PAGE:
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Slam poet arrested on allegation she tried to steal neighbor's home

A 2017 9Wants to Know investigation found that Dominique Christine Johnson filed a "quitclaim" deed purportedly showing that her neighbor gave her a home for $1. Aurora police followed up on that investigation and arrested Johnson on suspicion of seven felony charges.

A nationally known slam poet is facing multiple felony charges in a scheme in which she was accused of forging signatures on a property deed in an effort to steal a neighbor’s home, 9Wants to Know has learned.

RELATED | Slam poet claims her neighbor gave her a house for $1. Now, she's accused of fraud

Dominique Christina Johnson, 44, was being held Wednesday on $5,000 bail following her arrest the previous day by Aurora Police.

Credit: Courtesy Aurora Police Department

Johnson – who performs nationally under the name Dominique Christina – faces seven separate felony charges, according to court documents: theft of between $100,000 and $1 million; two counts of attempting to influence a public servant; trespassing; offering a false instrument for recording; and two counts of forgery of a public record filed with a public official.

Johnson was awaiting transfer to the Arapahoe County jail on Wednesday. No date for her first court appearance had been set.

In September 2017, a 9Wants to Know investigation found that Johnson was at the center of a controversy over the ownership of a home in the 11600 block of East Cornell Circle in Aurora.

The home is owned by Shamma Al-Reyami and her sister, Sarra Al-Reyami. Both women spend most of their time outside the country, and the home was left empty for an extended period.

Their brother would periodically check on it – and he was shocked in 2017 to find that someone was living in it.

Shamma Al-Reyami returned to Colorado to discover that a woman identified as Johnson had visited the Arapahoe County Assessor’s Office on July 31, 2017, and filed a “quitclaim” deed – a document often used to transfer property among family members. Security footage obtained by 9Wants to Know captured a woman believed to be Johnson attempting to file the new deed, which indicated that Shamma Al-Reyami transferred the house to her for $1.

But an eagle-eyed clerk compared the signatures on the documents to the original sales papers on file in the office, concluded they were forged, and held up the transfer.

In the meantime, Shamma Al-Reyami went to Aurora Police and reported the incident. However, after Johnson provided copies of the paperwork, officers concluded that the dispute was a matter for civil court – not criminal court.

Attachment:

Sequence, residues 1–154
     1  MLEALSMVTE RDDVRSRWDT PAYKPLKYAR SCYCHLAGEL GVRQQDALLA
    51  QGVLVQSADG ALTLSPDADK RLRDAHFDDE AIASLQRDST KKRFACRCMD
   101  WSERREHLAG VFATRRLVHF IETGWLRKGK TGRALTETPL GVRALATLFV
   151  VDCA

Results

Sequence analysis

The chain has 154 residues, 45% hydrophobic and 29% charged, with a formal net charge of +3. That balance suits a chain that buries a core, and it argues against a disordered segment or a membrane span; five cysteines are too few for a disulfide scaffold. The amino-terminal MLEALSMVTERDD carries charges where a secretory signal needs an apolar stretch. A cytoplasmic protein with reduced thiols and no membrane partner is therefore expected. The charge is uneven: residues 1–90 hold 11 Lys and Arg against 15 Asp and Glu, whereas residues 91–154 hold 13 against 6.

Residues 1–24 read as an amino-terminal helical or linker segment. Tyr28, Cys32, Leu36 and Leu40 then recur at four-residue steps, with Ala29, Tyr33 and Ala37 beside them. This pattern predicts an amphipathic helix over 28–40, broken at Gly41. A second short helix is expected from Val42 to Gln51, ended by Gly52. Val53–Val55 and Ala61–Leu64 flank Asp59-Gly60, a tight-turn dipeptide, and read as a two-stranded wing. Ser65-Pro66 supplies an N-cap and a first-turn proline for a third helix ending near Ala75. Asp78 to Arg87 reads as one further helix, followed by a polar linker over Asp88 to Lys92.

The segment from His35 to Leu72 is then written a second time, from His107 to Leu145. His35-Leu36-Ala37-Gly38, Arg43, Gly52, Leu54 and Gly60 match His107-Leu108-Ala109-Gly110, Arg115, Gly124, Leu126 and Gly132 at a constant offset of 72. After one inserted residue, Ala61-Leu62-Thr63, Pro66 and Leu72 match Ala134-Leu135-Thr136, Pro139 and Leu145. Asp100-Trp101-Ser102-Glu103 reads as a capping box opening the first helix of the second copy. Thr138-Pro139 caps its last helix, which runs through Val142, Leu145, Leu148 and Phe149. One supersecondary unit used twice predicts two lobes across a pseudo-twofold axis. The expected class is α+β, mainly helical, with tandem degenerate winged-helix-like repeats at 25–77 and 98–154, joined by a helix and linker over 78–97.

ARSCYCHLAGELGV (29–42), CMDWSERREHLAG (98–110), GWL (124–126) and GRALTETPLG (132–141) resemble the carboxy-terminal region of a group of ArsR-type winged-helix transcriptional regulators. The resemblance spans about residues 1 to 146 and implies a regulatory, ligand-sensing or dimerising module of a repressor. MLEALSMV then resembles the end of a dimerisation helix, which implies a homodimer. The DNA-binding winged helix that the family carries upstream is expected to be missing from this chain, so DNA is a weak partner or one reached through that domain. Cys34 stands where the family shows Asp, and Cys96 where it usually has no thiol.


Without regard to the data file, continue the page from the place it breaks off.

Johnson told 9Wants to Know last year that she had been “stewarding the property” since 2015 and that Shamma Al-Rayami gave it to her after she had rehabilitated the run-down and trash-strewn home.

In an e-mail to 9NEWS, Johnson included a picture she said showed the condition of the home when she began taking care of it. The image showed refuse piled high – but 9Wants to Know found that the photo came from the website for the popular cable television show “Hoarders.”

Following the 9Wants to Know investigation, Aurora police detectives began looking into the matter. The investigation stalled for a time while Shamma Al-Rayami was overseas, but it got new attention after she returned to Colorado in June.

That 2017 9Wants to Know investigation found that Johnson had been arrested three previous times in cases involving forgery or misrepresentation:

  • April 2003 – Johnson was accused of posing as an assistant professor at Colorado College when she leased a Colorado Springs apartment, providing documents to the landlord showing the school was to pay for rent through a grant program. In a deal with prosecutors, she pleaded guilty to felony theft, got a deferred sentence, and had the charge dismissed after staying out of trouble for four years.
  • October 2005 – Johnson was accused of presenting fraudulent documents to cover the nearly $12,000 cost of cosmetic surgery. In a deal with prosecutors, she pleaded guilty to a misdemeanor of theft of trade secrets and spent a year on probation.
  • September 2009 – Johnson was accused of posing as a Denver police officer in phone calls to a man who owed her $600. In one, she threatened to arrest him if he didn’t return the money – which had been a down-payment for rent – that day. In another deal with prosecutors, she pleaded guilty to a felony charge of impersonating a police officer, got a deferred sentence, and had the case dismissed after staying out of trouble for a year.

Shamma Al-Rayami is back in Germany, but in an e-mail she told 9Wants to Know that she felt “assured that justice can be achieved” and that she hopes no one else falls victim to a similar scheme.

Contact 9NEWS reporter Kevin Vaughan with tips about this or any story: kevin.vaughan@9news.com or 303-871-1862.